Everything is safe. The public transit is very clean. Taxis are not cheap. Also, traffic downtown is horrible so it's not unheard of to rack up US$10 on your cab meter going a block.

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2. What kind of car do you recommend bringing to post, given the terrain, availability of parts, burglary/carjacking risks, etc.? What kind of car do you advise not to bring?

Pretty much anything is fine. Parking downtown can be hard to get, so you'll do better without a massive SUV. But if you have one, I suspect you'll still be fine. Keep in mind, gas is expensive.

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Phone & Internet:

1. Is high-speed home Internet access available? How long does it typically take to install it after arrival?

Yes, it's available. I forget the exact cost, we had it bundled with cable and home phone.

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2. Do you have any recommendations regarding mobile phones? Did you keep your home-country plan or use a local provider?

Check out pricing. Plans are more expensive here than in the U.S. but you also have to factor in international fees if you're keeping a U.S. provider. The service here is good, fast. Streaming is easy, high quality.

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Pets:

1. Are qualified veterinarians and/or good kennel services available? Do animals need to be quarantined upon entry to the country? Are there other considerations regarding pets that are particular to this country?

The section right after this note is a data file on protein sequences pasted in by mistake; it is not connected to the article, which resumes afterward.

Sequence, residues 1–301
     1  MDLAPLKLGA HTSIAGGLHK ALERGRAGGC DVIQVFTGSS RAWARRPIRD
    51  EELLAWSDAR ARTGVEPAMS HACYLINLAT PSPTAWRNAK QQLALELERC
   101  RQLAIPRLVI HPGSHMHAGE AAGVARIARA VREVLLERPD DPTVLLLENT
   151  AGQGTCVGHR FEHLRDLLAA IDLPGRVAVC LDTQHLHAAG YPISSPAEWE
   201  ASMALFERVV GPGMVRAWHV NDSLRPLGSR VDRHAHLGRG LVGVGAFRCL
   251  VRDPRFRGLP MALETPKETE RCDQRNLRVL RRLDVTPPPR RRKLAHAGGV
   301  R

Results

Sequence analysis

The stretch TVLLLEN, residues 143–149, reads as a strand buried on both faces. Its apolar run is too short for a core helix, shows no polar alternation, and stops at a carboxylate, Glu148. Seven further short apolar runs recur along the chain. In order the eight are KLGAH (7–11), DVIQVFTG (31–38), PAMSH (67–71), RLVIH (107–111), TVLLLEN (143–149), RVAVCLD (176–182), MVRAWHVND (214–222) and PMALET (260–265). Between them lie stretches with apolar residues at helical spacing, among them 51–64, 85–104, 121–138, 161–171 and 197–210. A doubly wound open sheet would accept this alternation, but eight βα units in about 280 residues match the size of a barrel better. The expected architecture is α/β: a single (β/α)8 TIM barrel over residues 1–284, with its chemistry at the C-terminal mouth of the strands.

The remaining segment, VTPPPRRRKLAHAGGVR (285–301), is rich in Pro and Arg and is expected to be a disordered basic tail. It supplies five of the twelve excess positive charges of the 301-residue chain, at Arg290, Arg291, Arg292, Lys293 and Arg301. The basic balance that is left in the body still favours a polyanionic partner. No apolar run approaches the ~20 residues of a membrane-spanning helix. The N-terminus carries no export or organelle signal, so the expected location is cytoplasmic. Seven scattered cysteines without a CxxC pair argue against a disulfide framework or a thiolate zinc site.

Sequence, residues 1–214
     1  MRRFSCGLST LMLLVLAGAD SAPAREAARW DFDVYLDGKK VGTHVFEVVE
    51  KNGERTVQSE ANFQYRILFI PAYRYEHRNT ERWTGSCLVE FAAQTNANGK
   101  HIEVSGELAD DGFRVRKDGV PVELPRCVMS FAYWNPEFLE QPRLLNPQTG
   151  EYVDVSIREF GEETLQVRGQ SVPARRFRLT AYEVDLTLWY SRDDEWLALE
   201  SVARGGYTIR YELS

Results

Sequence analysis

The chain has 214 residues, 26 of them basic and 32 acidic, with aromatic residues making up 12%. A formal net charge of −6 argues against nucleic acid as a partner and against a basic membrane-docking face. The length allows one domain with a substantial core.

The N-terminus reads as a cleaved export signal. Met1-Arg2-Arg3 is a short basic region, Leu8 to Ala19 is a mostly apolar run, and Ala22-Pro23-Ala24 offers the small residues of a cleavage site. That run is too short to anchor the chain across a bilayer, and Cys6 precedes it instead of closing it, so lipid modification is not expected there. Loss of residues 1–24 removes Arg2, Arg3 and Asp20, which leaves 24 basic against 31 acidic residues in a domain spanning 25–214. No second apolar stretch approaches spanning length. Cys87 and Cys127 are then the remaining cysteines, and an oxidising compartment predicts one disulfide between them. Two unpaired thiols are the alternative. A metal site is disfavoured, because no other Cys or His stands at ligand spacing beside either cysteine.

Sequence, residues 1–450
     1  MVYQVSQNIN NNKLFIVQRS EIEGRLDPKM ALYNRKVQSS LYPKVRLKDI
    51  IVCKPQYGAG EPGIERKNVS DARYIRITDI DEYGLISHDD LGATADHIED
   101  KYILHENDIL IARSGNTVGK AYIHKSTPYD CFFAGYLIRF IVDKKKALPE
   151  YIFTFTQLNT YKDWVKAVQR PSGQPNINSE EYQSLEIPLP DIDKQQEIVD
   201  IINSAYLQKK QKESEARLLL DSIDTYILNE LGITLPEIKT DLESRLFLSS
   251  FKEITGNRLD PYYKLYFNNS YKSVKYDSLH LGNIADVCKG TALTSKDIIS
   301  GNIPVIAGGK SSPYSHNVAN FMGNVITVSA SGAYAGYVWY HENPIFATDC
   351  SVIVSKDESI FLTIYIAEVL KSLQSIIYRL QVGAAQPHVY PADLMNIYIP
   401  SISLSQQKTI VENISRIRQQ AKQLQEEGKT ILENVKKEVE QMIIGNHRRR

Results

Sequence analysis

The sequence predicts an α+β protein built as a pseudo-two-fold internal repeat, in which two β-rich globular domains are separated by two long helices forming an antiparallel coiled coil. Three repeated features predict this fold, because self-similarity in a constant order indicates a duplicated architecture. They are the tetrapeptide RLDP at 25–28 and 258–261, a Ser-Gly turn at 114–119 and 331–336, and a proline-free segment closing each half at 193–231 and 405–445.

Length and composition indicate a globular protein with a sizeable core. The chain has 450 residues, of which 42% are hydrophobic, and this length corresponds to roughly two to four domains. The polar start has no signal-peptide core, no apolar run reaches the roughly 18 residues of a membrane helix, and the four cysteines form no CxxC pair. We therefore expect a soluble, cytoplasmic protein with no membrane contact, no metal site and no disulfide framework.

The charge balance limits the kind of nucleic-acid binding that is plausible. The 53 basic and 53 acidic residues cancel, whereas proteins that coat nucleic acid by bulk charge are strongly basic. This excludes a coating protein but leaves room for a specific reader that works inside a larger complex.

Nope. Lots of vets, including emergency clinics. It's common to have pets here (especially cats and dogs).

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Employment & Volunteer Opportunities:

1. What types of jobs do most expatriate spouses/partners have? Locally based or telecommuting? Full-time or part-time? Can you comment on local salary scales?

No, not on the local economy. There are lots of volunteer opportunities in pretty much area you'd want. But if you're looking for a paying job it's problematic.

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2. What volunteer opportunities are available locally?

Lots.

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3. What is the typical dress code at work and in public places? Is formal dress ever required?

The same as in the U.S.

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Health & Safety:

1. Are there personal security concerns to be aware of at this post? Please describe.

Not really. Toronto is one of the largest cities in North America, but it's also one of the safest. It does have it's big city problems (there is some gang violence) and the other usual stuff (meaning keep your car, front door, and bike locked up). I've never felt unsafe living here.

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2. Are there any particular health concerns? What is the quality of available medical care? What medical conditions typically require medical evacuation?

Not really. Unless you can get a family doctor (which is a bit tricky) then you're looking at going to a walk in clinic. The quality is fine but the wait times can be long, especially during flu season. Emergency service is fine...I fell and broke my ankle, badly which necessitated calling 911 for an ambulance (long story), and it came promptly and my experience in the emergency room at the hospital (in downtown Toronto) was about the same as I'd expect in the U.S.